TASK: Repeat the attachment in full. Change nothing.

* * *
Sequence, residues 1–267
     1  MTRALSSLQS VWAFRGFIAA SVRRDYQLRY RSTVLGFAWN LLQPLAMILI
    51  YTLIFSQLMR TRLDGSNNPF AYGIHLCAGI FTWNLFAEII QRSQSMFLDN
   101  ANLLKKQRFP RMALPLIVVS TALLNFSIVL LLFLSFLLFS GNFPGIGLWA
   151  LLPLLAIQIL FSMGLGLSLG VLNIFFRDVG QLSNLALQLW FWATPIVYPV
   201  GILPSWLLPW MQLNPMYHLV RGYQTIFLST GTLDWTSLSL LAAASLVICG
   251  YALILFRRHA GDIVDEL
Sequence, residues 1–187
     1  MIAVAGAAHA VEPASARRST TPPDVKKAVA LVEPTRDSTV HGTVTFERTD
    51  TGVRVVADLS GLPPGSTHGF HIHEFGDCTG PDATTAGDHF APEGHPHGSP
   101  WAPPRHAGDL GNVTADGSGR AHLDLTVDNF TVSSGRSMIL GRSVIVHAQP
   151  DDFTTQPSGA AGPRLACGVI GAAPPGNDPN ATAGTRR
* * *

Sequence, residues 1–267
     1  MTRALSSLQS VWAFRGFIAA SVRRDYQLRY RSTVLGFAWN LLQPLAMILI
    51  YTLIFSQLMR TRLDGSNNPF AYGIHLCAGI FTWNLFAEII QRSQSMFLDN
   101  ANLLKKQRFP RMALPLIVVS TALLNFSIVL LLFLSFLLFS GNFPGIGLWA
   151  LLPLLAIQIL FSMGLGLSLG VLNIFFRDVG QLSNLALQLW FWATPIVYPV
   201  GILPSWLLPW MQLNPMYHLV RGYQTIFLST GTLDWTSLSL LAAASLVICG
   251  YALILFRRHA GDIVDEL
Sequence, residues 1–187
     1  MIAVAGAAHA VEPASARRST TPPDVKKAVA LVEPTRDSTV HGTVTFERTD
    51  TGVRVVADLS GLPPGSTHGF HIHEFGDCTG PDATTAGDHF APEGHPHGSP
   101  WAPPRHAGDL GNVTADGSGR AHLDLTVDNF TVSSGRSMIL GRSVIVHAQP
   151  DDFTTQPSGA AGPRLACGVI GAAPPGNDPN ATAGTRR